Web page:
England fail to score, still beat Japan 2-1

Football - Japan v England International Friendly


Two own-goals flattered an English side that found itself thwarted by Japanese goalkeeper Eiji Kawashima, who managed seven saves (including one Frank Lampard penalty).  Unfortunately for Kawashima, his own teammates thwarted his efforts. Following a 7th minute Tanaka goal, the Japanese twice put the ball in their own net: former-hero Tanaka neutralized his first strike (72nd) and Yuji Nakazawa piled on the shame in the 83rd.

Wayne Rooney and Co. will certainly be disheartened, but American fans should not get excited just yet. England did dominate possession the entire match, and without Kawashima’s magical day, the score could have been five or six to one.

USMNT Implications

England’s miserable day did give Bob Bradley food for thought:

- The Three Lions are still searching for a  Gareth Barry replacement at center midfield. The currently-injured Barry does the dirty work in front of the center backs, allowing Frank Lampard to venture forward with impunity.  England manager Fabio Capello has tried a few replacements and yesterday even shuffled Steven Gerrard, who has been playing on the left for his country, into the middle of the pitch. Lampard and Gerrard, both superstars for their clubs, are infamous for struggling to coexist in the same midfield, and while they did an admirable job yesterday – Gerrard retreated into defense more often than Lampard – they did get in each others’ way on occasion.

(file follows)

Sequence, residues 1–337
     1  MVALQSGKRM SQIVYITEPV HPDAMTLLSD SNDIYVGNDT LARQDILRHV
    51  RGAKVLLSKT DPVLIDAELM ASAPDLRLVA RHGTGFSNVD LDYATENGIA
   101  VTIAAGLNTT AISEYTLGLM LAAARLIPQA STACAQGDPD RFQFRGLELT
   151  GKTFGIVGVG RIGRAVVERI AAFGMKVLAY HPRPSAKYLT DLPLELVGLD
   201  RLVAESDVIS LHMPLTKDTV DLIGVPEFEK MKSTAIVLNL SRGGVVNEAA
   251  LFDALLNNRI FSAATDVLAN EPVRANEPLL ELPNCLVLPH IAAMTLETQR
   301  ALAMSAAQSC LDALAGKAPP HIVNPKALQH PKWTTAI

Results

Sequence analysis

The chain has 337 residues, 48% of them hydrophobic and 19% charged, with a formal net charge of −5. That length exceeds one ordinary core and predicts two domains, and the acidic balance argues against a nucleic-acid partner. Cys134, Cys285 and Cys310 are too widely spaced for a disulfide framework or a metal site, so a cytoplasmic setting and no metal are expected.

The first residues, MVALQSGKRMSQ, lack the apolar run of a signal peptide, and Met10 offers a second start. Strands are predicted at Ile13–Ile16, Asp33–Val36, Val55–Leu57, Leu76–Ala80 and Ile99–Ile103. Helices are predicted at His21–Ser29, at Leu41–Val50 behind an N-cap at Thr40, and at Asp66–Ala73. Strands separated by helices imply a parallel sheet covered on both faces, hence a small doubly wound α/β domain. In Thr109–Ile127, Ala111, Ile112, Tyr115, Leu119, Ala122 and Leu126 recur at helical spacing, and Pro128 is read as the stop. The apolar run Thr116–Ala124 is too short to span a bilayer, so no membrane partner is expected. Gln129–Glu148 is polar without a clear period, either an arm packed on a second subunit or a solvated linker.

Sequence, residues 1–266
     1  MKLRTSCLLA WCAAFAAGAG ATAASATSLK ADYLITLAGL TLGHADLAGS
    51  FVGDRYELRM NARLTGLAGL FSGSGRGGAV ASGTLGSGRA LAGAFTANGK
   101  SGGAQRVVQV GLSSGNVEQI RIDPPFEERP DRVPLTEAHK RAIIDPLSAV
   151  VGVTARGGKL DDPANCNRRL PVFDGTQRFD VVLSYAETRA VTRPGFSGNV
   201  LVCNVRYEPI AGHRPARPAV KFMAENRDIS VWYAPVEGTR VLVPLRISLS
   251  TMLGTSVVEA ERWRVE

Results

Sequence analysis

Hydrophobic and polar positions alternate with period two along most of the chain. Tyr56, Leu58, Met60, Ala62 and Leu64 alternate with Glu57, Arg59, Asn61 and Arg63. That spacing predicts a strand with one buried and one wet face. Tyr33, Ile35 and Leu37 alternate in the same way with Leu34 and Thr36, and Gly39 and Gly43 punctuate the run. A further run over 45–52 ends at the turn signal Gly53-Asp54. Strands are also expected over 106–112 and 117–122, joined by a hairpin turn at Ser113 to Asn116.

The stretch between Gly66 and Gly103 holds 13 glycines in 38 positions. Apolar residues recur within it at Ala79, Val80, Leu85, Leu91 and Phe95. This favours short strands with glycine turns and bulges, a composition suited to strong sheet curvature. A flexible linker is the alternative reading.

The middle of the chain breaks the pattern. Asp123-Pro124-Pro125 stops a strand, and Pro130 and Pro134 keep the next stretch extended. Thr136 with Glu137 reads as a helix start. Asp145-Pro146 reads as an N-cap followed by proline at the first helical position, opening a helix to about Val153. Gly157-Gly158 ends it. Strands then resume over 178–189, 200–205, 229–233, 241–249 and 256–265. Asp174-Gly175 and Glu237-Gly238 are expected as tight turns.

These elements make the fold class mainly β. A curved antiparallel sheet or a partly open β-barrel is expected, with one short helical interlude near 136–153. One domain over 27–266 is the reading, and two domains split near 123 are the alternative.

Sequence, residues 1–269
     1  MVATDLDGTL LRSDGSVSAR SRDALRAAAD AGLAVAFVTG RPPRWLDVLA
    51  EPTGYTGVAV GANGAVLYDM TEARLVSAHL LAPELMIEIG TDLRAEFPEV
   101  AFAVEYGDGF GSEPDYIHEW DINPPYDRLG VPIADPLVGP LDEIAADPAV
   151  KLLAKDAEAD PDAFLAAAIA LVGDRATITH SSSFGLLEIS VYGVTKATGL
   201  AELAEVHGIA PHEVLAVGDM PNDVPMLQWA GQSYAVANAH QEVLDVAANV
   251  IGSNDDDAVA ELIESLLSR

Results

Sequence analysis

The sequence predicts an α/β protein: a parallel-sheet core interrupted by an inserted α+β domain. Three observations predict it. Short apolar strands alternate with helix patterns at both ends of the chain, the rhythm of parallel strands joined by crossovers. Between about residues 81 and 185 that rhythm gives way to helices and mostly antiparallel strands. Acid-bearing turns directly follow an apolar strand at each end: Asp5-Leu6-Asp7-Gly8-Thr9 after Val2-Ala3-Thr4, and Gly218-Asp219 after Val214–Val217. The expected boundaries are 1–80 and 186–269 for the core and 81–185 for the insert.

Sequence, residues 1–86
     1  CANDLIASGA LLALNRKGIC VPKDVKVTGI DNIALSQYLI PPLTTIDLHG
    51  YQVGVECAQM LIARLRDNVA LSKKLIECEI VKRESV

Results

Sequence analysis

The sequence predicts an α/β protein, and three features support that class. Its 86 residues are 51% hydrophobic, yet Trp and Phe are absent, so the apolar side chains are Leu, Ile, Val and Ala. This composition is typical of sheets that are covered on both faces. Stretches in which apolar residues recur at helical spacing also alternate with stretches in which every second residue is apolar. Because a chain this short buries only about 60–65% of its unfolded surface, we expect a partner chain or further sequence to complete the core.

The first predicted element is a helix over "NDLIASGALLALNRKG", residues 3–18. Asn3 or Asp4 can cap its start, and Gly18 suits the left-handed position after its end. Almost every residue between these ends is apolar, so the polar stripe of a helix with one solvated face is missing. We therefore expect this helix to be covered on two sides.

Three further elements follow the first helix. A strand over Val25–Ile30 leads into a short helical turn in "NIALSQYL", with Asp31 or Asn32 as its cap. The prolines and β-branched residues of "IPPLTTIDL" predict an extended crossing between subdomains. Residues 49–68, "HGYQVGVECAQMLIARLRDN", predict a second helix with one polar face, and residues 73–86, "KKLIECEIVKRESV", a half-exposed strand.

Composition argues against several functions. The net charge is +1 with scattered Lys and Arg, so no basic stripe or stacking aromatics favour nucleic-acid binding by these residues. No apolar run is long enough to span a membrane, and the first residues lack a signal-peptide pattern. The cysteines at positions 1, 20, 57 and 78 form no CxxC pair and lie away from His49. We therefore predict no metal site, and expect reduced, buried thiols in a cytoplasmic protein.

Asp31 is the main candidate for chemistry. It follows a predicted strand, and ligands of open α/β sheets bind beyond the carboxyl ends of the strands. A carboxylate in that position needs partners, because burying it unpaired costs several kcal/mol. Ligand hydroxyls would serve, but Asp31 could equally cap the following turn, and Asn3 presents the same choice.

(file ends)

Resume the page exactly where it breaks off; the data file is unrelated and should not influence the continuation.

- The World Cup ball was given a trial run during the match, and it showed a propensity to knuckleball on free kicks. Tim Howard will want to take note.

- England’s defensive spacing, playing a 4-4-2, was miles ahead of what the US has demonstrated in their two friendlies. When England’s attack moved forward, one of the CMs drifted back and the two CBs shifted wide. On Saturday, the US defense failed to shift properly and handed Turkey a goal. Bradley may want to use the tape from England’s match as a teaching tool

2 Comments Post a Comment
  1. robinoz0 says:

    There’s been some negative criticism of the World Cup ball by goalkeepers like Julio Cesar and even some strikers. They’re saying it moves oddly in the air, going places it wasn’t intended to go. How much do you think the ball itself will affect games, or are these criticisms coming from players simply unused to it?

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